Limits and Risks of Helping

Practical Insights

We asked volunteers working in the field of migration, what “helping” means to them. We also asked them to share their personal limits. Do you see similarities to your own situation?

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Generally speaking, altruism is a socially desirable attitude. Many people are impressed by helpers who subordinate their own interests in favour of the welfare of others. But helpers should be aware that prosocial acting has its limits, risks and pitfalls.

Love the wind, fotolia

We would like to point some of them out here:

The Own Social Environment
People with a high altruistic attitude often have a pronounded sense of justice. They tend to see the needs of other people – no matter if they are relatives, friends or strangers – as highly relevant, and they try to combat injustice with full commitment. In some cases they get involved in social projects to such an extent that they neglect their families and related people. Their own social environment suffers from a lack of attention while the helper spends most of his/her time and energy on their charges. Thus, families and social networks can break, and the helper stays back alone.
The Own Limits and Needs
Many helpers are so dedicated to their challenging tasks that they forget their own limits and needs. They do not allow themselves to take breaks and to recover. In the long run, they exploit their own physical and mental resources to an extent that their health and wellbeing is at risk. They sacrifice themselves for the welfare of others.
The Difficulty to Say No
For people with a high degree of altruism it is often difficult to say no. They are used to fulfil the demands of others by all means. In the long run, this attitude can cause stress, overstrain and exhaustion and the risk of reactive depressions and burnout syndromes. Symptoms such as lack of energy, sleeping disorders, dejectedness, nervousness, anxiety or health problems such as headache or gastrointestinal problems can be first alarm signals of a beginning burnout.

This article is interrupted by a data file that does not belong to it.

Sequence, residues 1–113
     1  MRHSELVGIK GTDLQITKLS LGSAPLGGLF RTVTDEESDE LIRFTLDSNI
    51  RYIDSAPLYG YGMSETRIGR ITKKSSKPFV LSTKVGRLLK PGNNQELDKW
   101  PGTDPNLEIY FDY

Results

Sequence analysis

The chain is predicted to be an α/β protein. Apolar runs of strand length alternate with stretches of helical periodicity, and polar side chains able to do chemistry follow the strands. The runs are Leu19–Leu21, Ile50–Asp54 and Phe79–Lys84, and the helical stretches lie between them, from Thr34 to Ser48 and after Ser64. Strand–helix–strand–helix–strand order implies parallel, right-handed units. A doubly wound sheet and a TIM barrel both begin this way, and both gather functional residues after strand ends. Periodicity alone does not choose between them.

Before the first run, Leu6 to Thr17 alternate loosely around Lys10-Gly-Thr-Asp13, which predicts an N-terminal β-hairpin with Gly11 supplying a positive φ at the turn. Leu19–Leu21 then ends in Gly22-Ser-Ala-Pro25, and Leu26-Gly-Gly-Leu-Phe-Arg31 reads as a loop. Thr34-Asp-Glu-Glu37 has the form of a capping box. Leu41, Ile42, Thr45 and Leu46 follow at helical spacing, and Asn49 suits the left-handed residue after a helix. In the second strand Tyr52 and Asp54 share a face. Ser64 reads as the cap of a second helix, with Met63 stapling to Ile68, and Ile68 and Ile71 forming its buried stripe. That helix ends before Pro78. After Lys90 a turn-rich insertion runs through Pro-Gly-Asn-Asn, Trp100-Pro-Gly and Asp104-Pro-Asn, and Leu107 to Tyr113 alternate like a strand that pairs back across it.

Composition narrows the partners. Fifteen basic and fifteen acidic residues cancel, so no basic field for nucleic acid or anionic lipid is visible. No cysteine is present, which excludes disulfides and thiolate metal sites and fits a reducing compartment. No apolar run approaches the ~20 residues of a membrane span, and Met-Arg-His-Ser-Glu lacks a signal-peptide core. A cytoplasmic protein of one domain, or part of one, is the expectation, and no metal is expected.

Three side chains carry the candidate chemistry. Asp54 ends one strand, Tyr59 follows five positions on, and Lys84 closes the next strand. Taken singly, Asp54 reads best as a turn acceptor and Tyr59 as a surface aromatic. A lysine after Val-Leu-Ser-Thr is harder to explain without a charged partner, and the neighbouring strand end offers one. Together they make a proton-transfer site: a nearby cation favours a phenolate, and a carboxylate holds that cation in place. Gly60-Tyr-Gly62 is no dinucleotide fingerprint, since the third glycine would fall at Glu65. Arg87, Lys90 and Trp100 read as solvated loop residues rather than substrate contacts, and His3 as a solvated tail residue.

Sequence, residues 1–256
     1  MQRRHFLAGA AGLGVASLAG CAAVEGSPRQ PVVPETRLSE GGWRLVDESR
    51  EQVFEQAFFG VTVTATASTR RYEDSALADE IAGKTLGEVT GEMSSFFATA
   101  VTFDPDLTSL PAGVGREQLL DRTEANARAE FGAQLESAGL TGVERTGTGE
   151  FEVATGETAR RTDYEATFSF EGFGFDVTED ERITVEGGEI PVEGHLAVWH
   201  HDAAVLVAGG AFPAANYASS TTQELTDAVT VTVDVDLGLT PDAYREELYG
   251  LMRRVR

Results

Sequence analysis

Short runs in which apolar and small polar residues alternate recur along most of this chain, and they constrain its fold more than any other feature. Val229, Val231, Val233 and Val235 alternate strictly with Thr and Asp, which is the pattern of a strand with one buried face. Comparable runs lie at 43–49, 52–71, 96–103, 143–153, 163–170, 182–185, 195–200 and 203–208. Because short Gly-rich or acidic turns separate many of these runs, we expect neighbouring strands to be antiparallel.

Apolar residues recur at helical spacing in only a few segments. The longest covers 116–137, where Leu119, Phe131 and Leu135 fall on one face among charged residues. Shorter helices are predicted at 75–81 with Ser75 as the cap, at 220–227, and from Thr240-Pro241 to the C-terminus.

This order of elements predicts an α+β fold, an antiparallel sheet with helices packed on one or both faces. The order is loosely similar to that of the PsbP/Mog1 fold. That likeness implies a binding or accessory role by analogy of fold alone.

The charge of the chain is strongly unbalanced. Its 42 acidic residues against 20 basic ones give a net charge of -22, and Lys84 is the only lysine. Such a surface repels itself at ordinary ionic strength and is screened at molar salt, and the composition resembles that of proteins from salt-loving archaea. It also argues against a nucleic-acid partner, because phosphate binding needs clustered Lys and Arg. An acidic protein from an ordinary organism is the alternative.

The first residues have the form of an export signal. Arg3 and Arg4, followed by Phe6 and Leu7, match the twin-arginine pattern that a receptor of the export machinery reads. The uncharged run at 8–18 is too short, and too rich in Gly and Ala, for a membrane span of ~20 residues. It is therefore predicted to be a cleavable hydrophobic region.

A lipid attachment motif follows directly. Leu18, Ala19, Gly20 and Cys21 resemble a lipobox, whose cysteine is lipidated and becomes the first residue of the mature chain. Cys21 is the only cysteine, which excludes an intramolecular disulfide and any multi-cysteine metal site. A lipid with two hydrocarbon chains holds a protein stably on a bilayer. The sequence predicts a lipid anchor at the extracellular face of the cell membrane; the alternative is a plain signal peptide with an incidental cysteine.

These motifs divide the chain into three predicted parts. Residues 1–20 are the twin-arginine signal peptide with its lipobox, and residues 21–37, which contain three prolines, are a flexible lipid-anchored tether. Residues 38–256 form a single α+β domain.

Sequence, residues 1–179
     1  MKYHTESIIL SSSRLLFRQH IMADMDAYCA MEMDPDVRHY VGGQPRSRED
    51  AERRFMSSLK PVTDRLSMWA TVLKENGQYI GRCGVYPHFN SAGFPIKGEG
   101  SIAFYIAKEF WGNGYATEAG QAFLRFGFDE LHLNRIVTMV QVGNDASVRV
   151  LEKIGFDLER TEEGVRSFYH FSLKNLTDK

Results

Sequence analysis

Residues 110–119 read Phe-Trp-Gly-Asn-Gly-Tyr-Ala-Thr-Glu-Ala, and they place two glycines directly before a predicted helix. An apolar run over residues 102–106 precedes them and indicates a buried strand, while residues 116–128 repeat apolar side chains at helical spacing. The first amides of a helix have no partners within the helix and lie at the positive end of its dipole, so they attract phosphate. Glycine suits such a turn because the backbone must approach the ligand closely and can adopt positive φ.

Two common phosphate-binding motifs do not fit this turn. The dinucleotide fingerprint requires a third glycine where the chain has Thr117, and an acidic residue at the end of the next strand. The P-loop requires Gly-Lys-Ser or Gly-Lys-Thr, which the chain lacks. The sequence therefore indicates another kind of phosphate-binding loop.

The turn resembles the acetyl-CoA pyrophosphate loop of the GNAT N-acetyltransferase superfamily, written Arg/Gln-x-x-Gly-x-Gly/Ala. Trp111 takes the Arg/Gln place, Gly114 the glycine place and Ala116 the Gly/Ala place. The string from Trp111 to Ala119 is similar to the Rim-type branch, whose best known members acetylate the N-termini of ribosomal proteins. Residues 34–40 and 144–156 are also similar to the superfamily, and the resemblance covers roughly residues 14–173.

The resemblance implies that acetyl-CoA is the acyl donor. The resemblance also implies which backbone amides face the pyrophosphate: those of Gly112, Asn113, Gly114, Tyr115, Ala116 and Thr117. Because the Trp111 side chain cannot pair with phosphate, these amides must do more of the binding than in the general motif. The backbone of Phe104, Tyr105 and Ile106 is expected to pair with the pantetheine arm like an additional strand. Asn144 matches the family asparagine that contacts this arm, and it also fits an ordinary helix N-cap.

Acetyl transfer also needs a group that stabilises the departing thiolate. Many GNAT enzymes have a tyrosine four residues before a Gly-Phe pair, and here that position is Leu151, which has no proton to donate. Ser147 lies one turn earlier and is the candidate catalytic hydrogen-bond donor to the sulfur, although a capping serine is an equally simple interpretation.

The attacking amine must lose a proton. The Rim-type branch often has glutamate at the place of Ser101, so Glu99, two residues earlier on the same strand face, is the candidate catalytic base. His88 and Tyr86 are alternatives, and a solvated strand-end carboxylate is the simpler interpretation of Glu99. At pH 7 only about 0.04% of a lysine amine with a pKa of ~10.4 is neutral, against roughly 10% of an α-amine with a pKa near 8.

The Lack in Self-Esteem
Sometimes the background of excessive altruism is a lack of self-esteem. The people in question only feel valuable when they live a life in the service of others. They just see a purpose in their lives when they are needed and receive recognition for their altruistic bahaviour.
The Balance Of Giving and Taking
For all people helping others, either professionally, voluntarily or in their personal social environment, it is essential that giving and taking keep a certain balance. Altruistic and egoistic motives cannot be considered separately but should complement one another. If egoism plays the leading role people are reckless and inconsiderate against others; if altruism gets out of hand there is always the risk of self-exploitation.
The Helper Syndrome
Altruistic and prosocial behaviour addresses sections of the brain that release happiness hormones. If helping is the only thing in life that triggers happiness it can become an addiction. In this case the helper satisfies his/her own dependence by supporting the needs of others. Psychologists describe this inadequate attitude as “Helper Syndrome”. We will take a closer look at this phenomenon on the following page.